The turning point came a few weeks ago when my periods were getting so bad I decided to see a doctor. The past three years have been the longest in my adult life that I’ve not been on the pill so my body’s finally had a chance to experience a “true” cycle. Turns out my “true” cycle is truly dire. (By the way – I’d wondered about writing this so publicly, thinking talking about periods was a massive over-share and a bit gross but, actually, at least half the people in the world experience them and staying quiet about something that effects so many seems daft. Anyway, tangent, sorry.)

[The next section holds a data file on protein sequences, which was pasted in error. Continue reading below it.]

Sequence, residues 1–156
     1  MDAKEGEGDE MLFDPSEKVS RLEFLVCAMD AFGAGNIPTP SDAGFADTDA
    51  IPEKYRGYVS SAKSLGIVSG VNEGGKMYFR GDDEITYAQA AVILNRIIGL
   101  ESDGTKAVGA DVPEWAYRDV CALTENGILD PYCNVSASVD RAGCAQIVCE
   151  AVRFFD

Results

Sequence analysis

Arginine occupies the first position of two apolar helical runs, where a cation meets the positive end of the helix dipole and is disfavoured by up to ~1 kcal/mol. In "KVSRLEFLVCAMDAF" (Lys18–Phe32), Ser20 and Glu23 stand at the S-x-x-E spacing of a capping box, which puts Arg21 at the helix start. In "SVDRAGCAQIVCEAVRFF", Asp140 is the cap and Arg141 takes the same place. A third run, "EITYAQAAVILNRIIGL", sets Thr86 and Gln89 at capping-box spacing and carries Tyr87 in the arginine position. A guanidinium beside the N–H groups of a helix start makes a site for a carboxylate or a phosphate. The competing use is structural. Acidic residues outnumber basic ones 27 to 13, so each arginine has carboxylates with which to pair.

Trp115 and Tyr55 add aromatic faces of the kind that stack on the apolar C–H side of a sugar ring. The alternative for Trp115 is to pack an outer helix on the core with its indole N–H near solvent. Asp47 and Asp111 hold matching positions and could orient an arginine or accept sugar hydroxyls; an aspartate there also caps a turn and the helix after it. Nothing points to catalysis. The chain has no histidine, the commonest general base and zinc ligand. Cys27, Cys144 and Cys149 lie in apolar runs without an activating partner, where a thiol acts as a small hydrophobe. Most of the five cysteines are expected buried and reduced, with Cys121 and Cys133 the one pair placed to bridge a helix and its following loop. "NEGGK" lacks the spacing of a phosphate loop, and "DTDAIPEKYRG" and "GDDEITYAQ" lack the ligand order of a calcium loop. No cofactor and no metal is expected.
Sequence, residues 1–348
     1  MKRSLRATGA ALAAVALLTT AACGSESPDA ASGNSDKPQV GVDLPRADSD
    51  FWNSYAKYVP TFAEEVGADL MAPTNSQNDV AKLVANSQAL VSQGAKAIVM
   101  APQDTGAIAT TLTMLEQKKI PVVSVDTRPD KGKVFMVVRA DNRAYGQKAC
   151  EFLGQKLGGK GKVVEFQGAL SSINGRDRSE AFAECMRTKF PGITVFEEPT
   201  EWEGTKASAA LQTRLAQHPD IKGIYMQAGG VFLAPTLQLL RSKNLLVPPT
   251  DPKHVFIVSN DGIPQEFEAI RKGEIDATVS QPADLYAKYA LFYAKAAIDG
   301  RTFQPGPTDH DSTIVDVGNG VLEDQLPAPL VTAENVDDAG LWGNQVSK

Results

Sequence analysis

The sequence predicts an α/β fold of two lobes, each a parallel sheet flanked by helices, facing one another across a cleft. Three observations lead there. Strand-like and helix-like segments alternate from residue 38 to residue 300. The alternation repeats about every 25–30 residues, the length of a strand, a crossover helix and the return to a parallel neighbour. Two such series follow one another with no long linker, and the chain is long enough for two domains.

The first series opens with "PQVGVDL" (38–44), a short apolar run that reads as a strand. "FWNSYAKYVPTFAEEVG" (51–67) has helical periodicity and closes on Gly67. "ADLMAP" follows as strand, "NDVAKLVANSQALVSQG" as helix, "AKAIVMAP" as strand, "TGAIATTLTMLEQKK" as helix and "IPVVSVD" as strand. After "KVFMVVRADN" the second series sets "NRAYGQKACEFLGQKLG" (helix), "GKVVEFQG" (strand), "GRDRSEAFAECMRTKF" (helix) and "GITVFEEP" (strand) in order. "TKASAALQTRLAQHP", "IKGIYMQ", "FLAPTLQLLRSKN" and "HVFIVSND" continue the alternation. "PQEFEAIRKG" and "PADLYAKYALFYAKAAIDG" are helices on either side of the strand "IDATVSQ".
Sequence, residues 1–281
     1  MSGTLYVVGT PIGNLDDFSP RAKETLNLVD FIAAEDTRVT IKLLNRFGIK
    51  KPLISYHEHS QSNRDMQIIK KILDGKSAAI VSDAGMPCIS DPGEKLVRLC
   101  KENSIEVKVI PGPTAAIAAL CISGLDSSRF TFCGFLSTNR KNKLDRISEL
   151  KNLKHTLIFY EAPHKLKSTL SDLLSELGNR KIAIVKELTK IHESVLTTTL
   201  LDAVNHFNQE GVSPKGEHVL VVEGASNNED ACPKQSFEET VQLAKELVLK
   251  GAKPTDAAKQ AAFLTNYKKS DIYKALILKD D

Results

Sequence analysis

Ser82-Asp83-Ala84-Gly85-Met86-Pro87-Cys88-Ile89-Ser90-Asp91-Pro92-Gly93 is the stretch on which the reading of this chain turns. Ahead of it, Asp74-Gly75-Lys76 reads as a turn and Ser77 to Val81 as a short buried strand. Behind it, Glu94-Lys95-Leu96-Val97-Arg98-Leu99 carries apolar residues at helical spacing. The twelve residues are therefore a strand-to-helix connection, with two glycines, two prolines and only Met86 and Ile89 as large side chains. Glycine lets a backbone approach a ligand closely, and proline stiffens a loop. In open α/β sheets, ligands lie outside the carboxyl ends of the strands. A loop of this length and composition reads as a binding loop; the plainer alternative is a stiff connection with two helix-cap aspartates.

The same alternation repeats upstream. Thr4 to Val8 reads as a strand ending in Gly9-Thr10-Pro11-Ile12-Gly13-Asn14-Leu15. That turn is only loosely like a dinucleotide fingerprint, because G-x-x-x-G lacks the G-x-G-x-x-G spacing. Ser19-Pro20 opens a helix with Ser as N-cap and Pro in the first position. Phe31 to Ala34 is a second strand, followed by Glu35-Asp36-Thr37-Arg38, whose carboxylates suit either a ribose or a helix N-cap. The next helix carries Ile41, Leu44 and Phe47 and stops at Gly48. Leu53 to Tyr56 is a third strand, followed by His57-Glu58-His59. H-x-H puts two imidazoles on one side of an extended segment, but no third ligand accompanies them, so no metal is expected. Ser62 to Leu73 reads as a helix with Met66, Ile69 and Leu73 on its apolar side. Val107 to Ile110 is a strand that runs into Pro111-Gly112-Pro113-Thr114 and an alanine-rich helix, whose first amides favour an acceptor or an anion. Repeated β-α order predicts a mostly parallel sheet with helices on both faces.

Back to the periods, then. The doctor told me I could immediately stop the mood swings, anxiety, low confidence and general angst that comes two days before my period is due – not to mention the crippling cramps that see me doubled up on all fours hugging two hot-water bottles. She told me a quick and easy way to ease the symptoms which have knocked me out for a good few days every month would be to go back on the combined contraceptive pill. As she wrote my prescription she told me I wouldn’t be able to breastfeed while using it, something I already knew. I took a deep breath and resolved to give myself three weeks to stop breastfeeding, seeing the first day of my next cycle as the marker at the end of the race.